How safe are road users in ASEAN countries?

The ASEAN region faces the challenge of improving safety for road users, with most road deaths involving the most common mode of transport: 2- or 3-wheeler vehicles

Katerina Francisco

3:40:24am April 27, 2017

3:40:24am April 27, 2017

PUBLIC TRANSPORT. In the Philippines, tricycles are one of the most common modes of transportation. Photo by Joel Leporada/Rappler

PUBLIC TRANSPORT. In the Philippines, tricycles are one of the most common modes of transportation. Photo by Joel Leporada/Rappler

MANILA, Philippines – Traveling around Southeast Asia can be an adventure in itself: one has the choice to ride trains, buses, tuk-tuks, tricycles, and kalesas.  

But the transport infrastructure in the 10 member countries that make up the Association of Southeast Asian (ASEAN) nations still leave much to be desired. With a population of around 628 million, each ASEAN country has the added challenge of making sure that tourists and locals alike get to travel safely around the region.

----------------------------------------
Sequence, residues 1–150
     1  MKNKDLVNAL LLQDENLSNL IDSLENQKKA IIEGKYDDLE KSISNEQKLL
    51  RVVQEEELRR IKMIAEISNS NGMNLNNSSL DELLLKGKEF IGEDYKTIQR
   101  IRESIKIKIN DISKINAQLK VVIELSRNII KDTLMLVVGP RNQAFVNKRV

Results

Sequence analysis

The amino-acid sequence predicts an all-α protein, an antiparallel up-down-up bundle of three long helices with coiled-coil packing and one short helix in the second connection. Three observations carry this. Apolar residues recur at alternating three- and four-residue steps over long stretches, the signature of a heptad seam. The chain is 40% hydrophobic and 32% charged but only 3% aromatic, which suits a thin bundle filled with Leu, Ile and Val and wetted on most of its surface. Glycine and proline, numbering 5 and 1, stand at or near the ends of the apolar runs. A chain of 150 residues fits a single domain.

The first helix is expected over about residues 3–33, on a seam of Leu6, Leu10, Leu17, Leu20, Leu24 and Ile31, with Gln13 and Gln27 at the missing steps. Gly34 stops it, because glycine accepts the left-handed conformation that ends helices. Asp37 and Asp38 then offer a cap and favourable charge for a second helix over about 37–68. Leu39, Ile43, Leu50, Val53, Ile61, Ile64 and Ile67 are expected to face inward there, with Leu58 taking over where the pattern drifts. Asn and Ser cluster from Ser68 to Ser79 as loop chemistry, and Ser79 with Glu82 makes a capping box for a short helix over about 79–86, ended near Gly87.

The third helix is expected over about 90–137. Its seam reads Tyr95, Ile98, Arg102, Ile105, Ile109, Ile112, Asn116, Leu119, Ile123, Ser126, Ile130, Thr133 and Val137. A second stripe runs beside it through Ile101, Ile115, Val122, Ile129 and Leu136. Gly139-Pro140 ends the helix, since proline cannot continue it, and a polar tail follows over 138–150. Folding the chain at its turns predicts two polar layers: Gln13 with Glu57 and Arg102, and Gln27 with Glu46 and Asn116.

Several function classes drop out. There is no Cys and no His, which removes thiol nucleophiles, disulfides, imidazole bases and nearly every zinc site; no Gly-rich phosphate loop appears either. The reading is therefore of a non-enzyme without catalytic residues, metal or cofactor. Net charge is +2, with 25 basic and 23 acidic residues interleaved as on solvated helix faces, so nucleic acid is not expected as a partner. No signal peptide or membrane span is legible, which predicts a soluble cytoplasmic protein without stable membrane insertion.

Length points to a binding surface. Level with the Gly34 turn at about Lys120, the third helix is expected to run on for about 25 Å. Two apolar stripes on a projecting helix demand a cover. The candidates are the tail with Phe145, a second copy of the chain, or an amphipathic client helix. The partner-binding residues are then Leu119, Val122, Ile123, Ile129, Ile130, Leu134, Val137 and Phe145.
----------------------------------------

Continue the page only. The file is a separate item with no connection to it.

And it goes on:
Globally, around 1.25 million die each year due to road crashes – a global health issue that experts say is both predictable and preventable. Half of those killed on the roads are pedestrians, cyclists, and motorcyclists. (READ: Road deaths in PH: Most are motorcycle riders, pedestrians

This presents a risk to many ASEAN countries, since majority of the vehicles are motorized two- and 3-wheelers, which are better suited for congested cities, according to the 2016 ASEAN Regional Road Safety Strategy report.